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Tuesday, September 30, 2014

Drunk and Disorderly Conduct in Georgia

Fall offers many reasons to celebrate: the kickoff of football season, Oktoberfest and Halloween just to name a few.  However, a behavior that one person views as a celebratory may be interpreted as unacceptable by another.  Georgia courts have the final opinion on what defines disorderly conduct and penalties that may result from it.  

The legal definition of “disorderly conduct” varies by state, and you should immediately consult with a local criminal law attorney if you are arrested and charged.  Disorderly conduct is only a misdemeanor in Georgia, however penalties can include a fine of up to $1,000 and up to one year in jail.  The sentencing judge also has the authority to sentence a probation period, community service or an alcohol awareness class instead of jail time.  Additional charges may apply if the defendant causes personal or property damage while under the influence.

What is disorderly conduct in Georgia?

In general, drunk and disorderly conduct, also commonly known as “disturbing the peace,” is defined as behavior that is likely to cause other people fear, anger or displaying an overall likelihood to engage in unlawful activity.  In Georgia, disorderly conduct includes acting violently in a public place, or behaving in a way that causes other people to fear for their or their personal or property’s safety. It also includes using excessive profane or abusive language directed specifically at someone in a confrontational way (also known as “fighting words”).

What is public intoxication Georgia?

In Georgia, public intoxication (also referred to as “public drunkenness”) means appearing intoxicated in a public place or on private property without permission.  Appearing intoxicated may include being loud, vulgar, nude (or partially nude) or performing an indecent act such as public urination.

When fighting a public intoxication charge in Georgia, the definition of “private property” may come into play.  Private property includes the area surrounding a private dwelling. This means someone who accidently wanders into someone else’s yard while drunk may be arrested for public drunkenness, even though the person was not technically out in public.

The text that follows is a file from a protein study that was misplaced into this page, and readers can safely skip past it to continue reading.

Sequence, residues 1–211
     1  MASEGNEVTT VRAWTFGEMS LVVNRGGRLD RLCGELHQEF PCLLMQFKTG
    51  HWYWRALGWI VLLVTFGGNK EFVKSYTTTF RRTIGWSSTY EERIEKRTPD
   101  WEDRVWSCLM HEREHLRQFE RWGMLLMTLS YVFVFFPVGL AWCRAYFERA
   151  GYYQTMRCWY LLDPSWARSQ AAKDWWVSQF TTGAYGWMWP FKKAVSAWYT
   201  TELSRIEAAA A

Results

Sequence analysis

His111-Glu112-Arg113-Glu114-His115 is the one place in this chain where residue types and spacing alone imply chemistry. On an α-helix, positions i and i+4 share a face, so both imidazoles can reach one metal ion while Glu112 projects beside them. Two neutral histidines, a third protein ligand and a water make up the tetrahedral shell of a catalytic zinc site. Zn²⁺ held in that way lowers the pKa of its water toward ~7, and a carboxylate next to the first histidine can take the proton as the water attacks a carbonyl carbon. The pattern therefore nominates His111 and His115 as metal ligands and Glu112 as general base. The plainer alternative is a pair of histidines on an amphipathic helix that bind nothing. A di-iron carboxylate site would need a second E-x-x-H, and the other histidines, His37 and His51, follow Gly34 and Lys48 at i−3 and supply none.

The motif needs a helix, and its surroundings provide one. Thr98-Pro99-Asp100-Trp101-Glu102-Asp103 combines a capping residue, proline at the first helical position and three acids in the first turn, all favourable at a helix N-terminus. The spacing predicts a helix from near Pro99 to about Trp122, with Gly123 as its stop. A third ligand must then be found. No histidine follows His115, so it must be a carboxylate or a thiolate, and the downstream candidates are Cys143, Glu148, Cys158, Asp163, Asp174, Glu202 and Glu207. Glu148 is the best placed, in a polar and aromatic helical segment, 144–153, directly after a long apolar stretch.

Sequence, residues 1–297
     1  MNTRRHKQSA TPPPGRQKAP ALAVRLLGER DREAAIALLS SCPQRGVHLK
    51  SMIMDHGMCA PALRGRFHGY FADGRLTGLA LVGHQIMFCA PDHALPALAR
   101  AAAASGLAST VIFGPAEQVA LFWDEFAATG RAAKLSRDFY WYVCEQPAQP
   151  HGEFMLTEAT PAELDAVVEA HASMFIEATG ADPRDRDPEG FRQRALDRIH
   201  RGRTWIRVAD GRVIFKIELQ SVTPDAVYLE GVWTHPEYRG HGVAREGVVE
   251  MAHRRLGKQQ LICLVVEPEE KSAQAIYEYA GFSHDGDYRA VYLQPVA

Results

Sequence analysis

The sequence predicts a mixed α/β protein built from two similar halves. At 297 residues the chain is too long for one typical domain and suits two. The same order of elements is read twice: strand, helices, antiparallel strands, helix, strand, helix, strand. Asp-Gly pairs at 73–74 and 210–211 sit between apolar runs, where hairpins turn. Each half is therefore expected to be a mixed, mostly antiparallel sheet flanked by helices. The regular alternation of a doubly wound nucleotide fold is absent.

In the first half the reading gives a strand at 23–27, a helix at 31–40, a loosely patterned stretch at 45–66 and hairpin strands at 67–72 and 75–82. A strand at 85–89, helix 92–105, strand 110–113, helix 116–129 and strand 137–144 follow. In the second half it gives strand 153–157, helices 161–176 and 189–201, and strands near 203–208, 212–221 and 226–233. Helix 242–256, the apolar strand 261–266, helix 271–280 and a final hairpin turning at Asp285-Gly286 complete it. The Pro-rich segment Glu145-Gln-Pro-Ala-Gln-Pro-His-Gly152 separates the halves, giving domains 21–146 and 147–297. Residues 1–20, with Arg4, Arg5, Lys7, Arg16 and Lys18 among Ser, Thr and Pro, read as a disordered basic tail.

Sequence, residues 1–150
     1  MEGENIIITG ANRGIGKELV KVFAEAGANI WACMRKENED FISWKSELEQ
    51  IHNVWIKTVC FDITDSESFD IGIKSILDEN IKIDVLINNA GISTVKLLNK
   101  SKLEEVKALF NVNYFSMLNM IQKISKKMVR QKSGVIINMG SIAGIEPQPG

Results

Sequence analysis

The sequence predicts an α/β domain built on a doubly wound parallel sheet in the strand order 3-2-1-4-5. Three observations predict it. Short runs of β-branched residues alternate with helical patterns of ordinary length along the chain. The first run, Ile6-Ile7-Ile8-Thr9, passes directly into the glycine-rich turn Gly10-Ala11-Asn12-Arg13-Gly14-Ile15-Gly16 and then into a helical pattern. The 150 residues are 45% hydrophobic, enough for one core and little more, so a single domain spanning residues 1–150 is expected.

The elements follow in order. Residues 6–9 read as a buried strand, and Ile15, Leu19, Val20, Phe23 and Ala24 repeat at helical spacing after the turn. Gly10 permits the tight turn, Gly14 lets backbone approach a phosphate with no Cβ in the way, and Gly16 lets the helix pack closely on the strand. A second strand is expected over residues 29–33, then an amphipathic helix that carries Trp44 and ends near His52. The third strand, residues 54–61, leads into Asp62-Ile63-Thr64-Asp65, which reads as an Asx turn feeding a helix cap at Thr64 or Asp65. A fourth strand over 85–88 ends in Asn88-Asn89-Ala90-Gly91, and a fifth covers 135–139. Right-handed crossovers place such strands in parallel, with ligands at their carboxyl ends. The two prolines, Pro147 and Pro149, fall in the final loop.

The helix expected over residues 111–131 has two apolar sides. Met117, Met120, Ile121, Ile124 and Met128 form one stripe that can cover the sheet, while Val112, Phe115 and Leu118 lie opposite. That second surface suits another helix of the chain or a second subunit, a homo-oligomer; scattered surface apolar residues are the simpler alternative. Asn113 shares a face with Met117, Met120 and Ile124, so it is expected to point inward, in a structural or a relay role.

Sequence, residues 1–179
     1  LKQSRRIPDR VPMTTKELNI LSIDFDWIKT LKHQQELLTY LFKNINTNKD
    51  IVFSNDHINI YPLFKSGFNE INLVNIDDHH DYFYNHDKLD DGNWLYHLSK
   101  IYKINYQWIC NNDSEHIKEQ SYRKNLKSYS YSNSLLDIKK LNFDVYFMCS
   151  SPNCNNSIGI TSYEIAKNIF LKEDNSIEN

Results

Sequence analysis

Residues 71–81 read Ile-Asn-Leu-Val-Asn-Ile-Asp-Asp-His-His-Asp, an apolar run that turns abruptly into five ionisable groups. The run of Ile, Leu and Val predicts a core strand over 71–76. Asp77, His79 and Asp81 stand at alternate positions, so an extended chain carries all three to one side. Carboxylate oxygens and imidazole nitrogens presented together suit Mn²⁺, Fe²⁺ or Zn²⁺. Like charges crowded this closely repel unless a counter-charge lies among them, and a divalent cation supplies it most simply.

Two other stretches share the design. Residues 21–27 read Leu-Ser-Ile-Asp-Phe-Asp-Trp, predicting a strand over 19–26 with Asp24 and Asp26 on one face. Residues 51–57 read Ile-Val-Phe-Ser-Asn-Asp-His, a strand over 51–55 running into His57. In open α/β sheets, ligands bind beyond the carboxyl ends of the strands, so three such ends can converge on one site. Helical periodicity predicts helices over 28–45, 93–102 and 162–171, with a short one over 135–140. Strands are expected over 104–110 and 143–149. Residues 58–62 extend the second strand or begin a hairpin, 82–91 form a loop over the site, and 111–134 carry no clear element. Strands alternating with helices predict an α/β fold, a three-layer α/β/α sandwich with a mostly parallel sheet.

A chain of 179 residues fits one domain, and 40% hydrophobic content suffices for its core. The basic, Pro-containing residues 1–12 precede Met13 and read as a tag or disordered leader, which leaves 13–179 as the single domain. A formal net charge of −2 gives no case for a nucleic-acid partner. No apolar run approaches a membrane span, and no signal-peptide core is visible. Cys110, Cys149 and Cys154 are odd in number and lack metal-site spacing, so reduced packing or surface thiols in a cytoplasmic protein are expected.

Do I need an attorney to fight disorderly conduct charges?

Absolutely.  At first glance a misdemeanor charge may not seem very serious, however if convicted you may face a large fine and jail time.  These penalties can seriously disrupt your personal and professional life, and have negative consequences that stretch beyond the legal punishment.  And experienced criminal law attorney who is adept at navigating through the Georgia legal system will leverage their expertise for the best outcome possible.     

If you have been arrested for disorderly conduct in Georgia, contact criminal law attorney Christopher Chapman at cchapman@smithwelchlaw.com or call 770-389-4864.  Prior to his admission to the bar, Christopher spent six years in law enforcement and has experience of being a former prosecutor in Henry County State Court.  Smith, Welch, Webb and White is recognized as a premier law firm throughout the state of Georgia.  Our team of experts routinely handles a wide range of legal matters, and will provide outstanding service for you, your family or your business.

 

Any representations regarding the law in this Blog is made available for educational purposes only as well as to give you general information and a general understanding of the law, not to provide specific legal advice. By using this blog site you understand that there is no attorney client relationship between you and the Blog publisher. The Blog should not be used as a substitute for competent legal advice from a licensed professional attorney in your state.


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